A passive-aggressive communicator will confuse the hell out of you. Why? Because they cannot get all of their thoughts, and meanings outside of their heads in a cohesive manner or in a way that makes sense to others. They may be easily frustrated. They can become quite irritable and resentful. They will use sarcasm, talk to another person instead of the person that they need to be talking to. They will criticize others. I don’t get this one, but I have seen it happen. They show oppositional behavior. They will be the one that states, “I will help.” They will help and they will Complain the Whole Time. These folks are angry and their words do not match their body language. Gritting their teeth, making their hands into a fist all the while either being indifferent or smiling.
Passive-aggressive communicators are angry and they know that they are angry, but will deny that they are angry or that anything is wrong. Sarcastic barbs coming your way or maybe you will get the silent treatment.
They silently seethe and the other person has no idea what in the world is wrong.
An assertive communicator is confident. They are open to discussions and clarifying whatever may be unclear or confusing without being an ass. They are usually calm and will state what they want or need without imposing their requests on others. This type will look for a consensus, if possible. They usually listen and seem to care about others. You may have healthy and loud discussions but it does not feel like you are having an argument. They will share their thoughts, opinions and how they feel about something. They are open to you doing the same. Not only are they able to listen, they are able to hear.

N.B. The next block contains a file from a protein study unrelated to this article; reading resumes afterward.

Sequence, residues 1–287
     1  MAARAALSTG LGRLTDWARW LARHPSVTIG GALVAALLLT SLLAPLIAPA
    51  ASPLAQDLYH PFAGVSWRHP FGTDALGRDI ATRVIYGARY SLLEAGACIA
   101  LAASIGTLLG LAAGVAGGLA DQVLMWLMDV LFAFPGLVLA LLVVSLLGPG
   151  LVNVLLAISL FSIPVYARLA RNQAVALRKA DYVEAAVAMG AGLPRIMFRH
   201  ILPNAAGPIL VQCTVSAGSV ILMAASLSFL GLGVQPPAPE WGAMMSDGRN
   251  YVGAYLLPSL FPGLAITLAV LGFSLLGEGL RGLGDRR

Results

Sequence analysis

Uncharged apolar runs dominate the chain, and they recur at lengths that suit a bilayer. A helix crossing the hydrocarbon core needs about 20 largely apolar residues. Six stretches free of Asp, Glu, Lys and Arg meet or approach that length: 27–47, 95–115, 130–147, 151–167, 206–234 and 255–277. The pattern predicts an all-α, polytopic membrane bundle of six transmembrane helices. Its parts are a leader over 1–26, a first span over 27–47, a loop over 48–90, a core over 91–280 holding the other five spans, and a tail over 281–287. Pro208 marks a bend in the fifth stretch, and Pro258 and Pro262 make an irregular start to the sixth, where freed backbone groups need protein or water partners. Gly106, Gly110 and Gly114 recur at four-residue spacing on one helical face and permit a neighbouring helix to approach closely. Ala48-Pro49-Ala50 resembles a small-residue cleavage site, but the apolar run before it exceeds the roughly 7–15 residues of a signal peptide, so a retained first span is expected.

What communication style to you have? What communication style do others in your life have? Can you see how things get all messed up when everyone is talking and no one is listening or hearing?
We have all heard it before, seek to understand first. Understand where the other person is coming from, try to put yourself in their shoes. You may not be able to fully, but try as best you can. We all have our own peculiar ways. We are different people with different experiences and we look at things differently. It isn’t wrong, it is just different. Search for common ground. What can you agree on? What is best for the care receiver? What is best for all involved as care givers? Each of us have strengths and each of us have things we don’t do very well.